Across the space of four years in the late ‘70s / early ‘80s, John Carpenter directed three of the strongest genre films ever to hit cinema screens. The mainstream success of low-budget horror Halloween (1978) awarded him with bigger budgets, which he used to depict dystopian cityscapes in Escape From New York (1981) and sci-fi paranoia in The Thing (1982). Over the same period he also directed 1980’s The Fog and produced the first two Halloween sequels. This was very much Carpenter’s golden period.
Success always attracts attention, and Carpenter was courted by the major studios. As a result, his films of the mid-1980s – Christine (1983), Starman (1984) and Big Trouble In Little China (1986) – all feel like they’re missing something. All of the ingredients are there, but the end results just aren’t as satisfying as his earlier work.
I’ve written about Christine before, and I’ve always been a big fan of Starman (despite it feeling like the least Carpenteresque of Carpenter’s films). But the real disappointment was Big Touble In Little China. After its commercial failure, Carpenter continually struggled to get films financed, and the rest of his work is patchy. Only 1988’s They Live could be considered as strong as his breakthrough successes.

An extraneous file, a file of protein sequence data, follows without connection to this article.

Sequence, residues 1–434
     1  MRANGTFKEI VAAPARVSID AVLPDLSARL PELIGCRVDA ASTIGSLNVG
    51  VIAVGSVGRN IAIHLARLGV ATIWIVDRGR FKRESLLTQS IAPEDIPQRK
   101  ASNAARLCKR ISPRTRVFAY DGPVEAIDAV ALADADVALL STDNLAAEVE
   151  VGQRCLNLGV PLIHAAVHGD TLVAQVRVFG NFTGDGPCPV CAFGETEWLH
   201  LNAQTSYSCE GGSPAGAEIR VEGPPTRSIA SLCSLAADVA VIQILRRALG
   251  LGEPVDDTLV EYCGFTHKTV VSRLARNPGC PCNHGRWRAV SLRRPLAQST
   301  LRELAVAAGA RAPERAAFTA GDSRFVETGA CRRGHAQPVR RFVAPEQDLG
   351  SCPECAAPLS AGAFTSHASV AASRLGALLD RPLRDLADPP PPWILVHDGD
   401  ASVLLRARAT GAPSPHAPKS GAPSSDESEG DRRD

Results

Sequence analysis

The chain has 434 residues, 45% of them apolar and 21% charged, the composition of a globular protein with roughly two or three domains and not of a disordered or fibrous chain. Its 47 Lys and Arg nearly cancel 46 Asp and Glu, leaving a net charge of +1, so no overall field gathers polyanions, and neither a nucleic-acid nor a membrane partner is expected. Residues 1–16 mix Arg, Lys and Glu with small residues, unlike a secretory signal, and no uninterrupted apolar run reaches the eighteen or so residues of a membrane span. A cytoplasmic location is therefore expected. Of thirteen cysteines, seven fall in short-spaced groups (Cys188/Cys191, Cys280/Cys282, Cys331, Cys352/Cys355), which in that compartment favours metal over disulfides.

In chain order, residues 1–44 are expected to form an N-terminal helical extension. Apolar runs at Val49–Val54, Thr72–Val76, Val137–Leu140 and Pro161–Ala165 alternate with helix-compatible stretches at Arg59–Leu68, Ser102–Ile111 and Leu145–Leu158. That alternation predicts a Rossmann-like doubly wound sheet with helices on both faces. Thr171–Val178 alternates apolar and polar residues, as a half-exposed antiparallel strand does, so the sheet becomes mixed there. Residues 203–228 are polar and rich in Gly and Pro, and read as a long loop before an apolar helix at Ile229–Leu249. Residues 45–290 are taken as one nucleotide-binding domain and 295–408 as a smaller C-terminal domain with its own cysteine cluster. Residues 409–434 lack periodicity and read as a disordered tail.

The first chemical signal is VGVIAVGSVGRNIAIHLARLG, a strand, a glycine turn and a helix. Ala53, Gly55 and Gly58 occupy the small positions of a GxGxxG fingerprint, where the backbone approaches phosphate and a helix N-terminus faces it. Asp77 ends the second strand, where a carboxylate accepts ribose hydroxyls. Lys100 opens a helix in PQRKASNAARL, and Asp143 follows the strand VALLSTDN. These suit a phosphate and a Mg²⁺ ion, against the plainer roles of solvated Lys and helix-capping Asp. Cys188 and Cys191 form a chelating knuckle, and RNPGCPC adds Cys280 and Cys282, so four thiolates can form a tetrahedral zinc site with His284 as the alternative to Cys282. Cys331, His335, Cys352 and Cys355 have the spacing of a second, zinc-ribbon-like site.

Big Trouble In Little China should be great. It has a tried and tested Carpenter leading man in Kurt Russell, awesome optical effects, and a terrifically grimy underworld feel. But the plotting is loose, the script is poor, and the performances of the principal actors leave a lot to be desired. Only the soundtrack music – always one of the stronger elements of Carpenter’s work – is up to standard, even if it’s nowhere near his best.
I first saw the film far too young (which is becoming a common theme of this blog). I can vividly recall the first showdown in the alley between Kurt Russell’s character and the Three Storms. This was scary enough, but the appearance of James Hong’s villain – and particularly the light emitted from his mouth and eyes – proved too much and the film was swiftly turned off.
In retrospect, it’s the best part of the film, and one of the great cinematic showdowns of the 1980s. It’s just a shame the rest of the film couldn’t live up to its promise.
Hit: Pork Chop Express (Main Title)
Hidden Gem: Tenement / White Tiger